Why does diagnosis for critical infections currently take days and sometimes weeks?
Current methods for diagnosing infectious diseases are based on the 150-year-old culture method, where physicians collect a sample of a patient’s tissue, such as blood, mucus or urine, and transfer it onto media bottle to allow the pathogens to grow. After a day or two, portions of the sample will multiply, which will help allow a lab technician to identify and correctly diagnose the source of infection.
The process takes time – days or even weeks – to receive a reliable diagnosis, which can delay a patient from receiving immediate care. Delays in treatment can be life-threatening for critically ill patients, which is why it is important to continue to improve methods of diagnosis.
Please can you give a brief overview of Abbott’s Polymerase chain reaction/Electrospray Ionization Mass Spectrometry (PCR/ESI-MS) technology and why it was developed?
We developed Polymerase chain reaction/Electrospray Ionization Mass Spectrometry (PCR/ESI-MS) under the stringent requirements of the Defense Advanced Research Projects Agency (DARPA) as a result of their heightened interest in rapidly identifying bioterrorism threats, such as MERS, Ebola or SARS.
However, in the process we discovered the technology can employ a combination of biological, physical and mathematical tools to quickly identify sources of critical infections. Abbott’s technology is able to detect hundreds of bacteria, virus and fungi more quickly than the current standard of care, which is culture.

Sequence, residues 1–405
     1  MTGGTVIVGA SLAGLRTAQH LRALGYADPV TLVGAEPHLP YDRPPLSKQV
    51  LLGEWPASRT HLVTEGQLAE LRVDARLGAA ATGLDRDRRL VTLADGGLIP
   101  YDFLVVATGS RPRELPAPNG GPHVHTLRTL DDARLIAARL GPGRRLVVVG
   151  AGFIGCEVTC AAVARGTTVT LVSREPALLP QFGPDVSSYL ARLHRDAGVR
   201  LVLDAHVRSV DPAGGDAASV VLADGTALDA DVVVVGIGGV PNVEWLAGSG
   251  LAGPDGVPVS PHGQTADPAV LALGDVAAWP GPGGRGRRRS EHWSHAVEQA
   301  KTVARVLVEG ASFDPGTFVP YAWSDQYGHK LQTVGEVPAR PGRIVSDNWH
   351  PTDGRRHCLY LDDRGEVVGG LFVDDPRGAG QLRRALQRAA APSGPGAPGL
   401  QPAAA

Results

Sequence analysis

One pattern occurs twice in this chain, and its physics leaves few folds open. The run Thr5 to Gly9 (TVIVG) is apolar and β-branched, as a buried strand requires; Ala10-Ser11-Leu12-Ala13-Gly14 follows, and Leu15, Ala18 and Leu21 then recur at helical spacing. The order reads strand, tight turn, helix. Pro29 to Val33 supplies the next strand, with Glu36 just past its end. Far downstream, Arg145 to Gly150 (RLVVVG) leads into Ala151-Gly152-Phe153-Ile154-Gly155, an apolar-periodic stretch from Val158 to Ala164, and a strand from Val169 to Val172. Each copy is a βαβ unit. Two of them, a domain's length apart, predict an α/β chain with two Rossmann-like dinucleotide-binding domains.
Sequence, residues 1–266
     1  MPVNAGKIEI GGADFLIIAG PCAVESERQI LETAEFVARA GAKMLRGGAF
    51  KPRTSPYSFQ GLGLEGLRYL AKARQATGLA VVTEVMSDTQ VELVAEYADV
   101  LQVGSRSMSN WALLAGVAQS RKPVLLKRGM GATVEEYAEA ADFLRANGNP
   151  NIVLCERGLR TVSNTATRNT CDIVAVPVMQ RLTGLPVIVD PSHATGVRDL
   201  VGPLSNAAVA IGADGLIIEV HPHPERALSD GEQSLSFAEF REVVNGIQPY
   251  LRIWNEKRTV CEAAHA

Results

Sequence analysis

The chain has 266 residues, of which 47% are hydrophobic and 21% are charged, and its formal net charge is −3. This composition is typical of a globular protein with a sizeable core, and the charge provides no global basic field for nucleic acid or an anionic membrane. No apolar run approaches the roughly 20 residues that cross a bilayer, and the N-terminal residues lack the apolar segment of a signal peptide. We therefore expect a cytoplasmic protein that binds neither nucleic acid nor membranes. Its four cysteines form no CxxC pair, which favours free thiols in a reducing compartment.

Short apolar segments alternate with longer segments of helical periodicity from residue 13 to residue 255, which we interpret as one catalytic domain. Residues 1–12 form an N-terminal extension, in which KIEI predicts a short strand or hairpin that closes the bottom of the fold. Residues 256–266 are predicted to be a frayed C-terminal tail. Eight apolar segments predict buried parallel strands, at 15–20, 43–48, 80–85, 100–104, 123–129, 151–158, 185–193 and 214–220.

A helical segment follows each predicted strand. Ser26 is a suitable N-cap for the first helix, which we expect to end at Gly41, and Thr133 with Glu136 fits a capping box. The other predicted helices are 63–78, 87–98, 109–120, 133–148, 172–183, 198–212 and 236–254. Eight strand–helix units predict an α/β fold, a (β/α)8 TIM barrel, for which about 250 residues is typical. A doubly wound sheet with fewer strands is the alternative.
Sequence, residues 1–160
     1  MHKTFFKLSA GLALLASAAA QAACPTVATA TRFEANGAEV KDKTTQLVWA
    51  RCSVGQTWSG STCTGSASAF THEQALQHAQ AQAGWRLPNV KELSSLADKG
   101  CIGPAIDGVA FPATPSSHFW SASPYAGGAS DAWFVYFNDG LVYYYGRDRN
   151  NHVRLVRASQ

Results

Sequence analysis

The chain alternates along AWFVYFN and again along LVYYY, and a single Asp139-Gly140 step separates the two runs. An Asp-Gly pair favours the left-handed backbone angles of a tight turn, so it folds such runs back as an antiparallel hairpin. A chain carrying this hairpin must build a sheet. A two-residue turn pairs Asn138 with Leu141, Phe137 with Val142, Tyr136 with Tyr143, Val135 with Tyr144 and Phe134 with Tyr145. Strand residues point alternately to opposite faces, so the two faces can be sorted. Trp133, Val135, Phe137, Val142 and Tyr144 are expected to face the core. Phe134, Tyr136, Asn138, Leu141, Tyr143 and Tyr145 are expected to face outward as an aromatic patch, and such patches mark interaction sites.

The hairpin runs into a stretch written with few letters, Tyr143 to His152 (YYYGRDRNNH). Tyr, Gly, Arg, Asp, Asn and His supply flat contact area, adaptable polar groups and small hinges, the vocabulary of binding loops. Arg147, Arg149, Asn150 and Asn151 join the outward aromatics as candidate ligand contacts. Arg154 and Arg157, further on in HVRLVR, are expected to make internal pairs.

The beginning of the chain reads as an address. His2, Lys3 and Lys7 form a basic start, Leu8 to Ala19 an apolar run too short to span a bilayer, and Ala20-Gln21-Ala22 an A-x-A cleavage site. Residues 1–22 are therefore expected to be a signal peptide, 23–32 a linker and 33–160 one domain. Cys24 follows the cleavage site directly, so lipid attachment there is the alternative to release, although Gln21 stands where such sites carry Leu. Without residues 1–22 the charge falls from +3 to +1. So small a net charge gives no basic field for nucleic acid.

In what way does the PCR/ESI-MS technology detect the source of the infection?
Abbott’s Polymerase chain reaction/Electrospray Ionization Mass Spectrometry (PCR/ESI-MS) technology is being designed to test for and rapidly identify hundreds of pathogens directly from a patient specimen through a four-step process:
- Step One: A lab technician collects a patient specimen. Genetic material from this specimen is removed and used for further testing. While most of the genetic material in the specimen is of human origin, some of it belongs to the pathogen that is making the person sick.
- Step Two: Multiple copies of the pathogen’s genetic material are generated using a process called polymerase chain reaction (PCR).
- Step Three: A device called a mass spectrometer is used to determine the molecular weight of the amplified genetic material.
- Step Four: Sophisticated mathematical algorithms are used to identify the pathogen.
Abbott’s technology is designed to complete testing within eight hours, giving clinicians the ability to obtain test results sooner than conventional methods to prescribe a more accurate anti-microbial drug or other therapy.
How does this compare to the current standard of care – blood cultures?
Doctors need better tools to diagnose their patients when facing unknown infections, and unfortunately, more than 50 percent of culture tests come back negative, even when infections are believed to exist.
Results from Abbott’s RApid Diagnosis of Infections in the CriticAlly IlL (RADICAL) study results suggest the technology can provide rapid much earlier than culture methods, allowing physicians to act quickly and effectively to make life-saving treatment decisions.
Why do many blood culture tests come back negative even when infections are believed to exist and how does the PCR/ESI-MS technology overcome this?
Many pathogens – for example, those that need special growth environments – can be tricky to culture. And sometimes it is impossible to culture bacteria from patients with critical infection because they may have already been treated with a broad spectrum antibiotic before a patient specimen is taken for culture, both of which could result in a negative result.
To identify pathogens that cause serious infections, the process requires an ability to distinguish the culprit’s DNA or RNA from the patient’s specimen being tests. Instead of having to wait until more microbes can be grown in culture, we use our PCR/ESI-MS technology to make copies – or amplify – the DNA or RNA present in a sample from a patient to help detect the source of infection within hours, even when blood cultures are negative.
Is the PCR/ESI-MS technology likely to reduce the time between testing and diagnosis of diseases?